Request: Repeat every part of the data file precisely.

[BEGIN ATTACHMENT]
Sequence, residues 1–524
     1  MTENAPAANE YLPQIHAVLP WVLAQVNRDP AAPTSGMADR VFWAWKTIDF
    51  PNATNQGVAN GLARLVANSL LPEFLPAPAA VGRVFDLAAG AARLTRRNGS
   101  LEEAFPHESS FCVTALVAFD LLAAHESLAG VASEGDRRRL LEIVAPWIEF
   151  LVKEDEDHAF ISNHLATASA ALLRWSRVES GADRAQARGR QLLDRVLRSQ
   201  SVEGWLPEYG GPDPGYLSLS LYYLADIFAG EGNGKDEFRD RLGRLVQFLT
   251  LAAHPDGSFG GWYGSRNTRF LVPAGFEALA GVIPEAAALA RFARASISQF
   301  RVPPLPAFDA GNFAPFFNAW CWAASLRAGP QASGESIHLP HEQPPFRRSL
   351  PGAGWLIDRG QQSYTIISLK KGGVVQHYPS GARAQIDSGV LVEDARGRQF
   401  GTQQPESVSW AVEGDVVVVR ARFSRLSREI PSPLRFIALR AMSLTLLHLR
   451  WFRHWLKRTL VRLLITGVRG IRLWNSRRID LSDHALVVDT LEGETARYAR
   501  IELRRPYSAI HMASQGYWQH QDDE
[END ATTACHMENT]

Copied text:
Sequence, residues 1–524
     1  MTENAPAANE YLPQIHAVLP WVLAQVNRDP AAPTSGMADR VFWAWKTIDF
    51  PNATNQGVAN GLARLVANSL LPEFLPAPAA VGRVFDLAAG AARLTRRNGS
   101  LEEAFPHESS FCVTALVAFD LLAAHESLAG VASEGDRRRL LEIVAPWIEF
   151  LVKEDEDHAF ISNHLATASA ALLRWSRVES GADRAQARGR QLLDRVLRSQ
   201  SVEGWLPEYG GPDPGYLSLS LYYLADIFAG EGNGKDEFRD RLGRLVQFLT
   251  LAAHPDGSFG GWYGSRNTRF LVPAGFEALA GVIPEAAALA RFARASISQF
   301  RVPPLPAFDA GNFAPFFNAW CWAASLRAGP QASGESIHLP HEQPPFRRSL
   351  PGAGWLIDRG QQSYTIISLK KGGVVQHYPS GARAQIDSGV LVEDARGRQF
   401  GTQQPESVSW AVEGDVVVVR ARFSRLSREI PSPLRFIALR AMSLTLLHLR
   451  WFRHWLKRTL VRLLITGVRG IRLWNSRRID LSDHALVVDT LEGETARYAR
   501  IELRRPYSAI HMASQGYWQH QDDE